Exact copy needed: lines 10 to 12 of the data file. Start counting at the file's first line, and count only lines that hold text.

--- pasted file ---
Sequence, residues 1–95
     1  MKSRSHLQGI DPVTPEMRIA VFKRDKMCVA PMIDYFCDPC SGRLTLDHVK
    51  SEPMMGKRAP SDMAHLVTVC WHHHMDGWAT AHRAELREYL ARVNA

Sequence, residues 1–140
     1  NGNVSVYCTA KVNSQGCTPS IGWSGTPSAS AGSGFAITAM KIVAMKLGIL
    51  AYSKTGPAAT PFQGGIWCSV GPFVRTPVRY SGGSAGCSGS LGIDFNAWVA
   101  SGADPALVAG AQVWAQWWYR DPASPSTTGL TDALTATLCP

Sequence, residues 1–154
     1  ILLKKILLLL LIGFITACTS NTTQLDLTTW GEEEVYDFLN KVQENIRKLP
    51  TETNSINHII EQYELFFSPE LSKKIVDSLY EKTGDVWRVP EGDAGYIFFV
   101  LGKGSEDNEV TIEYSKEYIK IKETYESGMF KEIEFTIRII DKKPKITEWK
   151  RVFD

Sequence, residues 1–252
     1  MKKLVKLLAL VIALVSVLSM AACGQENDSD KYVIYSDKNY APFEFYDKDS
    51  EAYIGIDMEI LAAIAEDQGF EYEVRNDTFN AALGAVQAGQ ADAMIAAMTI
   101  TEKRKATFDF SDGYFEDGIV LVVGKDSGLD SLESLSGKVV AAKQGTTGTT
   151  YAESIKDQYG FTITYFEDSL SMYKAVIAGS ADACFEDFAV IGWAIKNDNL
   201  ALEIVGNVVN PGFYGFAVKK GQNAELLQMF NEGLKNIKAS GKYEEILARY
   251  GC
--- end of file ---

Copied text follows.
    51  TETNSINHII EQYELFFSPE LSKKIVDSLY EKTGDVWRVP EGDAGYIFFV
   101  LGKGSEDNEV TIEYSKEYIK IKETYESGMF KEIEFTIRII DKKPKITEWK
   151  RVFD